KYD (Cayman Islands Dollar)

Definition of 'KYD (Cayman Islands Dollar)'


The currency abbreviation or currency symbol for the Cayman Islands dollar (KYD), the currency for the Cayman Islands. The Cayman Islands dollar is made up of 100 cents and is often presented with the symbol $ or CI$. In terms of value, the KYD is ranked ninth in the world.

Investopedia explains 'KYD (Cayman Islands Dollar)'


The Cayman Island dollar was first seen in 1972, replacing the Jamaican dollar on a 1:1 basis. Both Jamaican and Cayman Island currency were used in the Cayman Islands until 1972, when use of Jamaican currency was discontinued. The Cayman Islands dollar was pegged to the U.S. dollar in 1974, but is now valued slightly below its peg rate.


Filed Under: , ,

comments powered by Disqus
Hot Definitions
  1. 80-10-10 Mortgage

    A mortgage transaction in which a first and second mortgage are simultaneously originated. The first position lien has an 80% loan-to-value ratio, the second position lien has a 10% loan-to-value ratio and the borrower makes a 10% down payment. 80-10-10 mortgage transactions are piggy-back mortgage transactions, and are frequently used by borrowers to avoid paying private mortgage insurance.
  2. Passive ETF

    One of two types of exchange-traded funds (ETFs) available for investors. Passive ETFs are index funds that track a specific benchmark, such as a SPDR. Unlike actively managed ETFs, passive ETFs are not managed by a fund manager on a daily basis.
  3. Walras' Law

    An economics law that suggests that the existence of excess supply in one market must be matched by excess demand in another market so that it balances out. So when examining a specific market, if all other markets are in equilibrium, Walras' Law asserts that the examined market is also in equilibrium.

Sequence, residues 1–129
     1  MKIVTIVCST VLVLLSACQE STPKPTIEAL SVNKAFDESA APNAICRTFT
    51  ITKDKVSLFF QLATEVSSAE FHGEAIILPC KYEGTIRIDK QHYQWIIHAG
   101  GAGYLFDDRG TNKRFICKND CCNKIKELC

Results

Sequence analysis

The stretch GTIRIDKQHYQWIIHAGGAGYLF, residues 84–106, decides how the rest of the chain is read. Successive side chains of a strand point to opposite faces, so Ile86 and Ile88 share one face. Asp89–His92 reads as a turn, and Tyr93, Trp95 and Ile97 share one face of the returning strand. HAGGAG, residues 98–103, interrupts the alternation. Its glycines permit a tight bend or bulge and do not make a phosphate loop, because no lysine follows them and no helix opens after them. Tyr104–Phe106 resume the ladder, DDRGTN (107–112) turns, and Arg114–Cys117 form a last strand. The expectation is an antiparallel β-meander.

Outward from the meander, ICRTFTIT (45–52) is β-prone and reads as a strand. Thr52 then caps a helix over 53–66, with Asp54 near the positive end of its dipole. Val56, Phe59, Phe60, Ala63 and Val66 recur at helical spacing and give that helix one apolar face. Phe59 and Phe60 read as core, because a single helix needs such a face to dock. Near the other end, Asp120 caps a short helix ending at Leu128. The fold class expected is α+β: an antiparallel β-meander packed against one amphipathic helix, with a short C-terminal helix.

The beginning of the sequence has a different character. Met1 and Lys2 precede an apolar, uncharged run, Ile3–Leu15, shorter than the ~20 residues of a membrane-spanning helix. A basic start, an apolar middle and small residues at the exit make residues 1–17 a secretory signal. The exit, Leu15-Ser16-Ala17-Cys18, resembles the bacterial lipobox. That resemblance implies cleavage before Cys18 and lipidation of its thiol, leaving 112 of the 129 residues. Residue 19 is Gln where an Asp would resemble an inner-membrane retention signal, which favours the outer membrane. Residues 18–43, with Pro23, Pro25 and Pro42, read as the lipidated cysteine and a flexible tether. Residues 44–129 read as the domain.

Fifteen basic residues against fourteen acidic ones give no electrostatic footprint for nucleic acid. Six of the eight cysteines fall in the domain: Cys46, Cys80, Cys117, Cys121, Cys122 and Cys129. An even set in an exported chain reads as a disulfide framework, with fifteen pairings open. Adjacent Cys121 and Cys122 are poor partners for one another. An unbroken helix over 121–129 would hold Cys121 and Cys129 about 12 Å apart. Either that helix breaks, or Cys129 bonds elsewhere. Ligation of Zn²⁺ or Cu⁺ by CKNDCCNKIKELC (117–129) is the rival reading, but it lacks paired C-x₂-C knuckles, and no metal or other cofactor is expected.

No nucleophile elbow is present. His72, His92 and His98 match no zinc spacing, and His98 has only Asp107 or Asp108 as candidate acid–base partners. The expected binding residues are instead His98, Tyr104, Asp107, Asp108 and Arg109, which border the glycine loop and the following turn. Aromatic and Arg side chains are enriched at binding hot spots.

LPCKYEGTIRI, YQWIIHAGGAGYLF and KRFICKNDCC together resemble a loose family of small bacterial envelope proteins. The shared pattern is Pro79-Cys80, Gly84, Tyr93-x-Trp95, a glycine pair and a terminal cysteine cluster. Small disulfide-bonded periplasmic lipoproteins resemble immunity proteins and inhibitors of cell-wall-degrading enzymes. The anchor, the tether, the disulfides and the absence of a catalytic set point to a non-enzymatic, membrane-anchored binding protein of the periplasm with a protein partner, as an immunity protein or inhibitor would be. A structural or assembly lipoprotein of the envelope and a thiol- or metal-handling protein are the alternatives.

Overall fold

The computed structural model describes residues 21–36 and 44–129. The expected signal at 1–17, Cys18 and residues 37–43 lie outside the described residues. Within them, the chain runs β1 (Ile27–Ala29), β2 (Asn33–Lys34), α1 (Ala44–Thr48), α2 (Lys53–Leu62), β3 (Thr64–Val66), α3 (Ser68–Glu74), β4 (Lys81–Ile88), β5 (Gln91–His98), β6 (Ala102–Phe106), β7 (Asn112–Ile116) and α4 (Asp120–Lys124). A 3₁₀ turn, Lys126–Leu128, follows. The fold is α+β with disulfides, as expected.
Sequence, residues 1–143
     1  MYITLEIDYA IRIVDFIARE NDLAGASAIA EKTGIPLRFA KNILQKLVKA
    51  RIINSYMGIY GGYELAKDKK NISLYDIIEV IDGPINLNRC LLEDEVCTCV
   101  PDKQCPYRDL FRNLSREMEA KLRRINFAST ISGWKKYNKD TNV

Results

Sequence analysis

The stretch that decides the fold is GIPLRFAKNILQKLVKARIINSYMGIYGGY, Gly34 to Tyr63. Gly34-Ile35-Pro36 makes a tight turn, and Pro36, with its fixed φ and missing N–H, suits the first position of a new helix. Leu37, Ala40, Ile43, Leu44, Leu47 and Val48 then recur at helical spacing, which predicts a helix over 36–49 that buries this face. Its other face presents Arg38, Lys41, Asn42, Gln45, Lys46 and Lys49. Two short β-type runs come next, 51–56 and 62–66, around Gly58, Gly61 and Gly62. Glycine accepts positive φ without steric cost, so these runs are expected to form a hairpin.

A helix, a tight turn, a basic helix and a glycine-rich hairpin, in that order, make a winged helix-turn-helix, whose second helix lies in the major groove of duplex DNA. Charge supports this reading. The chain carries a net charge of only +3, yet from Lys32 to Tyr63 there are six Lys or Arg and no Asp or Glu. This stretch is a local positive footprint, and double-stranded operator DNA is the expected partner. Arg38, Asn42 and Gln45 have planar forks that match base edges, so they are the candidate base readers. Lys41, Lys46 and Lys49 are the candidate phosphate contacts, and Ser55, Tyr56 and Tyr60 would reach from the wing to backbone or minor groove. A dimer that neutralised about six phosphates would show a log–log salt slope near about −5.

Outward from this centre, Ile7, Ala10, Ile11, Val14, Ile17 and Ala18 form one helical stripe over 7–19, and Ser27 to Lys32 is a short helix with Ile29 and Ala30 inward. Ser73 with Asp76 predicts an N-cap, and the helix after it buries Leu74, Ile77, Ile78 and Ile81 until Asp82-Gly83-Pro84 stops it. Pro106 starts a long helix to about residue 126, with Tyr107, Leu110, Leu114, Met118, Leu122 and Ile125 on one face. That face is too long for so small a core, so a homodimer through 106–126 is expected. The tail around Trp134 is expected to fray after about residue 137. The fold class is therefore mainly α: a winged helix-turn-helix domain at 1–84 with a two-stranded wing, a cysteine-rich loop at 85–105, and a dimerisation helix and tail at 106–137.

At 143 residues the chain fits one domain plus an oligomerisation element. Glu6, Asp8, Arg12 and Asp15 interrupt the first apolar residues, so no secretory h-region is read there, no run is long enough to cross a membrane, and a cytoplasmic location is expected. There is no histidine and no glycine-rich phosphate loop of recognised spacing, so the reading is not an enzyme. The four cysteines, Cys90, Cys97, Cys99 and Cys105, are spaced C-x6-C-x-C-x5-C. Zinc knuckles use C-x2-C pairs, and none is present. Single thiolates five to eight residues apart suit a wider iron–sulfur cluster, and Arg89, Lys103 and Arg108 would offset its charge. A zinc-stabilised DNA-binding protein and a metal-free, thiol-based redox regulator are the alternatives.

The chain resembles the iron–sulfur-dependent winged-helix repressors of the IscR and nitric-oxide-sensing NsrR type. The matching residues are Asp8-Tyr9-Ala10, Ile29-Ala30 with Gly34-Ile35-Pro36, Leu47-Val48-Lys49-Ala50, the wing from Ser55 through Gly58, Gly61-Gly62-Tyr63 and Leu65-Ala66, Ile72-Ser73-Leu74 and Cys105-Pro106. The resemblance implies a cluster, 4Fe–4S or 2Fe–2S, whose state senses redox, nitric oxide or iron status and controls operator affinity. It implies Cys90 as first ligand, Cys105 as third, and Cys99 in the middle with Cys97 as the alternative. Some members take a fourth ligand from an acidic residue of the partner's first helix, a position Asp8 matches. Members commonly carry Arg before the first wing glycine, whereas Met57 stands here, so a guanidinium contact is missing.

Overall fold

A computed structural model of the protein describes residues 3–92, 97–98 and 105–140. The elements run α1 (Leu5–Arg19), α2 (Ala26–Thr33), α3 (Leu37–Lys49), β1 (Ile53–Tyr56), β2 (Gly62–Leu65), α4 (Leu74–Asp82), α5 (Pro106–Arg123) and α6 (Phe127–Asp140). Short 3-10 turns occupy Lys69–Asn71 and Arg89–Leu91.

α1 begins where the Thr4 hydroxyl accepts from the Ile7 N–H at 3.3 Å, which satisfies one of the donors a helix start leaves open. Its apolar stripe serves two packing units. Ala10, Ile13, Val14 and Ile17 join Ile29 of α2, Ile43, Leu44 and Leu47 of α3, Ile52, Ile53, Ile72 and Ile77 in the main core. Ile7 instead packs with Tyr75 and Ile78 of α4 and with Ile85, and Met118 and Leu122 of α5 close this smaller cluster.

4. Market Segmentation

    A marketing term referring to the aggregating of prospective buyers into groups (segments) that have common needs and will respond similarly to a marketing action. Market segmentation enables companies to target different categories of consumers who perceive the full value of certain products and services differently from one another.
  5. Effective Annual Interest Rate

    An investment's annual rate of interest when compounding occurs more often than once a year. Calculated as the following:
  6. Debit Spread

    Two options with different market prices that an investor trades on the same underlying security. The higher priced option is purchased and the lower premium option is sold - both at the same time. The higher the debit spread, the greater the initial cash outflow the investor will incur on the transaction.
Trading Center